i. gender roles - there are specific gender roles defined within the Culture, which are construed as religious - though there is a fine line between what is religious and Cultural. Islam is a religion and cultures are cultures. within the Indian/Pakistani culture it is expected of a woman to be a home mom, or a home wife (don't necessarily have to have children). it is within the cultural and religious make up, and the conservativeness is also further accentuated by their living in a Western Environment: rather as treating it as an avenue for growth it is an aspect that stultifies ones personality

ii. differences in Culture: the celeberation of specific holidays that are part of the American Experience: whether they be spending time with the family - who are Christian - during Christmas etc etc. many muslims will shudder of this idea, let's even say Thans Giving - but i understand this as a moment of spending quality time with the family.

iii. there are a set of expectations that are expected from the wife - which are implicitly to be agreed upon by the husband, from the mother in law. i simply told my mother to back off, since they don't help us in our marriage - but something to think about. it has cost me quite a lot of grief, but it was to the point of toxcicity.

iv. language - language - language: my wife very feels very left out, dis-respected when discussions happen within a group of close family members where she is not considered part of the discussion, due to the language. she considers it rude, though my incessant translations and the nuances between the two languages makes it even more humourous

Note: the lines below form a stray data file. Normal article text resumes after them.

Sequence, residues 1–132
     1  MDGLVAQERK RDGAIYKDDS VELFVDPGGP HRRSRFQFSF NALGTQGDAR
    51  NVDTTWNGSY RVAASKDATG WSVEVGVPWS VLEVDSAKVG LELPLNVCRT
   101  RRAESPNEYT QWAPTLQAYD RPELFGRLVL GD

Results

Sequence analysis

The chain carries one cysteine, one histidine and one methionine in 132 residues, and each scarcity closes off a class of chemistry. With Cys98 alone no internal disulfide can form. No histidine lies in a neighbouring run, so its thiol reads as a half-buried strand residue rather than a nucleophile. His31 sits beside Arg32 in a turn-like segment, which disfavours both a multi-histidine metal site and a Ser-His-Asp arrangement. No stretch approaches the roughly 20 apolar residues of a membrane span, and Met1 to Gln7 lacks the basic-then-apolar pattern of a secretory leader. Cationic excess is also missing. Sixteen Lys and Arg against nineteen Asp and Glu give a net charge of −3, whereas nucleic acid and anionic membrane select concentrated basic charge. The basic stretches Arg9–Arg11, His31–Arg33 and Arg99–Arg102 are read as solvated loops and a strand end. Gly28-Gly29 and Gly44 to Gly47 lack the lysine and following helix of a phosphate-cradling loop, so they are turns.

v. companion-ship: perhaps the hardest part for my wife. there is very little to no acceptance from the family, or even the religious Community, since i not only married outside my ethnic group, but also a specific sect of Islam (eyes turn around)

vi. and of-course religion. if she is not a muslim, there is always a pressure from the out-side Community directed to the husband that she accept Islam. i have been expressed this many times, since my wife follows a different persuasion within Islam - and honestly, i have kept my-self away from much individuals.

so these are the challenges.

on the brighter side, we have found great friends within the Jewish, the Christian and other ethnic Groups within muslims - particularly Turkey. Turkeys culture is so embracing of the foreign experience, that men or women who accept Islam are treated very differently. there is a very strong sense of brother hood and sisterhood among the various Turkish folks that my sisters has her acquintances with

my social life is rather dull: since there is very little that i can enjoy as a "family", with like minded families. a few here and there and we meet once a year. that is the challenging part. we do what we have.